In the wake of the tragedy, the Tourism Industry is reeling. Airline travel and hotel stays have plummeted worldwide. Industry revenues, profits, and stock values are all down. Industry workers are being laid off in large numbers simply put: Many more people than before have an understandable fear of flying.

Others have lost all patience with travel delays and disruptions that were already a nuisance before the tragedy, and they are opting to stay home.AlsoTerrorist attacks inUK Thousands of tours and hotel accommodations around the world the from Egypt to Las Vegas to Australia have been canceled. Ironically, the WTO had recently published a report entitled:”Tourism: 2020 Vision”. This report appraised the future of the WTO industry in the twenty-first century and forecast sustained growth for the next two decades. The annual growth rate for tourist arrivals was 4.

3% and the anticipated annual growth rate for international tourism receipts was 6. 7%. According to the WTO’s forecast, about 1. billion tourists would visit foreign countries annually by the year 2020, spending approximately US$2 trillion per year or US$5 billion daily.

The evident growth of “Green” movement’s means that many more people are concerned about the environment in which they live, what they consume and the destinations for their holidays. A new trend which is to be focused carefully by the Tourism Hospitality Industry operators is also the increasing demand for quality service, especially from senior citizens as well as the increasing request for exotic locations, active and adventurous experiences.In conclusion, those changes in consumer behavior and as a consequence consumer demands means that the Industry will need to be aware of those new trends to try to satisfy what Jones (1993).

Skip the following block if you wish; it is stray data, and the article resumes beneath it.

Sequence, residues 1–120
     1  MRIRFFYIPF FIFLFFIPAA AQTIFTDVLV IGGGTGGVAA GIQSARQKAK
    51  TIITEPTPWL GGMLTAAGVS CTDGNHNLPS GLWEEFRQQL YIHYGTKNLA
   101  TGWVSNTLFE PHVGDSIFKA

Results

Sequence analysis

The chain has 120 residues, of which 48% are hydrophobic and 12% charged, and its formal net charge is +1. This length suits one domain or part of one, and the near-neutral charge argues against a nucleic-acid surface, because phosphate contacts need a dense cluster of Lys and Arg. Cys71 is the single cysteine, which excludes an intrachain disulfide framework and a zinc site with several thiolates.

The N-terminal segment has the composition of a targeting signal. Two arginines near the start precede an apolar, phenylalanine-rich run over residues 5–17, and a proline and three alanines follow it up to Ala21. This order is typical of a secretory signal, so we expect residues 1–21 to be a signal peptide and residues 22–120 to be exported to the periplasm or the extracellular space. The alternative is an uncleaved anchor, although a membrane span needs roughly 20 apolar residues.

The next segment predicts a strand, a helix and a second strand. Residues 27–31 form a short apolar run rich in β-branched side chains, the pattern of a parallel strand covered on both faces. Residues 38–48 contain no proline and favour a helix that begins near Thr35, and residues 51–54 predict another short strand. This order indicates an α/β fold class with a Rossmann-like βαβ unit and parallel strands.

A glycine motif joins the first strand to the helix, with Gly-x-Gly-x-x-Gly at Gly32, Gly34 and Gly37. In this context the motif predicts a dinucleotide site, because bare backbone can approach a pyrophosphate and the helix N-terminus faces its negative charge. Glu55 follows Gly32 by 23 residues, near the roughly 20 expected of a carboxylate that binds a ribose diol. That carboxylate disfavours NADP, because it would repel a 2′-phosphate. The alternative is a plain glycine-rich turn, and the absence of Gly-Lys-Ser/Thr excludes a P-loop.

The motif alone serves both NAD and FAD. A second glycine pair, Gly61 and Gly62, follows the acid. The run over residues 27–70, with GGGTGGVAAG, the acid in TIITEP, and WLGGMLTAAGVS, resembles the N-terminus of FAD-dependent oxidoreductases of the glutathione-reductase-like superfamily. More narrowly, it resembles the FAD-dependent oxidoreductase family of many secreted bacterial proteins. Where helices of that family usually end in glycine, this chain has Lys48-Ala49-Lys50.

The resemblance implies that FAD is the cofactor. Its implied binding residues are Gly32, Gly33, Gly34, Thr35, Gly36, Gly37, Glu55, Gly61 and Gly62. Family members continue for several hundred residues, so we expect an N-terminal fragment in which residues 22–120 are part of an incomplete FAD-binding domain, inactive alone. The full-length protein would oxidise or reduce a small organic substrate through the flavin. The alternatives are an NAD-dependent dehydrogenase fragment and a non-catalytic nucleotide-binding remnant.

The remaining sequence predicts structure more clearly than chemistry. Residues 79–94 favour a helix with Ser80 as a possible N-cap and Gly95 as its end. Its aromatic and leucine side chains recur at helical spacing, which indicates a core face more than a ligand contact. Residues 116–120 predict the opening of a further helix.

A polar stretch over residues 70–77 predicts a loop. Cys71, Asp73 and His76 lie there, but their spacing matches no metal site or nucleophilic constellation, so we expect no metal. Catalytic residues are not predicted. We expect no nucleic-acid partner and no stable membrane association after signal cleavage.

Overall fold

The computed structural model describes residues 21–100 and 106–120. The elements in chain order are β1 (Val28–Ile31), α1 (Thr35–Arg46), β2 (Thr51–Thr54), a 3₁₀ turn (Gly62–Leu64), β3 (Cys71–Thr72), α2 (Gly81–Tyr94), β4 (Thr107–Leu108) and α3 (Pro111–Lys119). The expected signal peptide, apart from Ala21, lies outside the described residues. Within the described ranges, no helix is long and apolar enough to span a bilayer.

The successful operator for this new and extremely demanding tourist will need to develop a market orientated policy in order to understand their needs and wants and offer a product that meets their expectations. Therefore the European Travel Industry will need to be well aware of the “new customers” expectations if it wants to continue leading the world’s tourism market in the future.And operators should introduce new technologies that can improve the service offered and will enhance the tourist experience.

This essay has shown how the tourist demand within a European context has changed during the last 50 years. The ageing of the European population and the changing in household structure lifestyle that are occurring amongst Europe have influenced the consumer behavior and attitude towards holidays and leisure time.Holidays are not seen as a total leisure time anymore and the European Travel Industry is trying to change towards those new trends in order to be competitive. The introduction of new technologies to enhance the tourist experiences and the relationship with the customers will be the key words for the future. Bibliography Baum, T. (1996). Images of Tourism past and present, International Journal of Contemporary Hospitality Management, 8(4), 25-30 Davidson, R (1998). Travel and Tourism in Europe, 2nd Ed.